They conjure up images of flapper girls, you’ve seen them in ‘80s music videos, and they have a vixen allure. Fishnet tights, the knitted, diamond-shaped hosiery that come in dense or large gauged styles have eased their way back into the spotlight. Designer labels such as Max Mara, Jeremy Scott, Antonio Marras, and Moschino focused on legs throughout their Fall 2016 collections by styling models in the seductive accessory. Meanwhile, at Fendi, Karl Lagerfeld coupled the netted material with sock boots in an opaque aesthetic.
When did the bold legwear get its start? Following the end of the Victorian era in 1901, hemlines rose. However, women didn’t go bare-legged and wore stockings that were held up by garter belts. Then, in the ‘20s flapper girls – specifically showgirls – slipped on fishnet stockings under their straight-cut dresses. By the ’50s, pin-up girls such as Bettie Page wiggled their way into the seductive apparel. However, by the ‘60s, women liberated themselves from stockings and garter belts and opted for body-sheathing tights. It was not until the ‘70s that fishnet tights took on a different tone and were associated with punk subculture. Along with latex, chains, and ripped clothes, fishnet tights were a fashion focal point in the rebellious movement that went against mainstream norms. During this period, they were often worn torn and distressed.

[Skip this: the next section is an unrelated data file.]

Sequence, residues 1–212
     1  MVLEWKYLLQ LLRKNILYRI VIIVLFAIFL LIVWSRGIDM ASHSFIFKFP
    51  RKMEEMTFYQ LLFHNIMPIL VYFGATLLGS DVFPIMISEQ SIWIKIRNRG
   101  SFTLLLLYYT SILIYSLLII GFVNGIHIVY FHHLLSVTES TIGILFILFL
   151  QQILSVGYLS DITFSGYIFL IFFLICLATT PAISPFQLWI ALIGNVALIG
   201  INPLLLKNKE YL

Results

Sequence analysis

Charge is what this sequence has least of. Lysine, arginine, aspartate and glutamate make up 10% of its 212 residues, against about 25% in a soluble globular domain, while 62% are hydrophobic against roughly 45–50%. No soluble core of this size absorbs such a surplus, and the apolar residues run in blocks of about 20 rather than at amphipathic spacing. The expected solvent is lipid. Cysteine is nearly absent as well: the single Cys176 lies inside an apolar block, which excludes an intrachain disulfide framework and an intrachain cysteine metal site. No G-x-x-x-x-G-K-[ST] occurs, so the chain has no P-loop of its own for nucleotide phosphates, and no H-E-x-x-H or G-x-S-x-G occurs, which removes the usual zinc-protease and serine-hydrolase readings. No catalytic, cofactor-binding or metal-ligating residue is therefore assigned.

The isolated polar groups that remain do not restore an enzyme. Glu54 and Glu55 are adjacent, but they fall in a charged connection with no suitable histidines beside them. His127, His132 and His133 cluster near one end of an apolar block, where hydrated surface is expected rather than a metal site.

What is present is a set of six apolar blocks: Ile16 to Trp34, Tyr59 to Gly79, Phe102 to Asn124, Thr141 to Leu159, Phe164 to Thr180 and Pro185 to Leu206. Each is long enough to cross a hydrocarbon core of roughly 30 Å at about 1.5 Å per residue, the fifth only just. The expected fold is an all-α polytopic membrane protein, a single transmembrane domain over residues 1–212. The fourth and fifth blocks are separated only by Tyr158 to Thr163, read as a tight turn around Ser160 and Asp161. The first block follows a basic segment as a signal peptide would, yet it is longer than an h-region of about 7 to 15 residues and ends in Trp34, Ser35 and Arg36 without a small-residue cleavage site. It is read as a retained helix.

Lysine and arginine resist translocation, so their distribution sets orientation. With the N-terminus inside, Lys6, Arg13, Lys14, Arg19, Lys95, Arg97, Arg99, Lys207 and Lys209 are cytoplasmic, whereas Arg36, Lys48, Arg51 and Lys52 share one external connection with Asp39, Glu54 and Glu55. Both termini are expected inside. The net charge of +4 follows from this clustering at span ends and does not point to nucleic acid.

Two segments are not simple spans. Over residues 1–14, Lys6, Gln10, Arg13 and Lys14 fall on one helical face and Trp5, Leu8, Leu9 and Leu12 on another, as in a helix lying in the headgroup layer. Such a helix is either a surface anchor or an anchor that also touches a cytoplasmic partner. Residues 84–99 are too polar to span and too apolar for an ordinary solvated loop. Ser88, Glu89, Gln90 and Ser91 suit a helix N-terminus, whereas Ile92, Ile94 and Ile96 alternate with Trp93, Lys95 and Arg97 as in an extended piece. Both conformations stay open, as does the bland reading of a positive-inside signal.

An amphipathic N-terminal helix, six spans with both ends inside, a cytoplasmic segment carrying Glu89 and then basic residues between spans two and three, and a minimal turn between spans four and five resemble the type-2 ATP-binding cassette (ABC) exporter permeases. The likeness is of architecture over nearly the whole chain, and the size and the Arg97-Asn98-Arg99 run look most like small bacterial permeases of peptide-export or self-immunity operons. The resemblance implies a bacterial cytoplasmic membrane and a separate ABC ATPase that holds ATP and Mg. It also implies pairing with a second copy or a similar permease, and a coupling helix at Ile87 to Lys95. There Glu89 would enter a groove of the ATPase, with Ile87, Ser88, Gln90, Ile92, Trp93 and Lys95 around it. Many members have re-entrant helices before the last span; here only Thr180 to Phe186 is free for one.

When the ‘80s arrived, the mesh material evolved from tights and took shape in the form of gloves, tops, and bodysuits. A decade later, it became popular to wear fishnet tights under ripped jeans and shifted from an unorthodox piece of clothing to acceptable legwear. Today, fishnet tights have found their way back into the sock drawer in a range of designs that seesaw from large loose, web-like tights, to micro-knit styles that can be worn with a plethora of sartorial looks.
In the gallery above, Vogue Arabia tracks the street style trend with five ways to work the bold hosiery into your outfit.